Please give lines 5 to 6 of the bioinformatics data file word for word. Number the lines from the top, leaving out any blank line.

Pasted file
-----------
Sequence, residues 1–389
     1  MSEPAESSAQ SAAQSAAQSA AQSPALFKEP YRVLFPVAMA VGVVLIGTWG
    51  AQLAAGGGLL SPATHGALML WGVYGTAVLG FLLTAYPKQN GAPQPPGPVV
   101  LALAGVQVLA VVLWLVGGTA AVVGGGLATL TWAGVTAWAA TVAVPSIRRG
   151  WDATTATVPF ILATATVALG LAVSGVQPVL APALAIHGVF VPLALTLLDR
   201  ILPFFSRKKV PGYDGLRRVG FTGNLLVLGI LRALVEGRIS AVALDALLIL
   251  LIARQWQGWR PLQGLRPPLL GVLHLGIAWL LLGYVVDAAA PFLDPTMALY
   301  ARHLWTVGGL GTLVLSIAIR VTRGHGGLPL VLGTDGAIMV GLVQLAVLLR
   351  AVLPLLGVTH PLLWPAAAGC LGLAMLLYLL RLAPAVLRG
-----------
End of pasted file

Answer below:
   151  WDATTATVPF ILATATVALG LAVSGVQPVL APALAIHGVF VPLALTLLDR
   201  ILPFFSRKKV PGYDGLRRVG FTGNLLVLGI LRALVEGRIS AVALDALLIL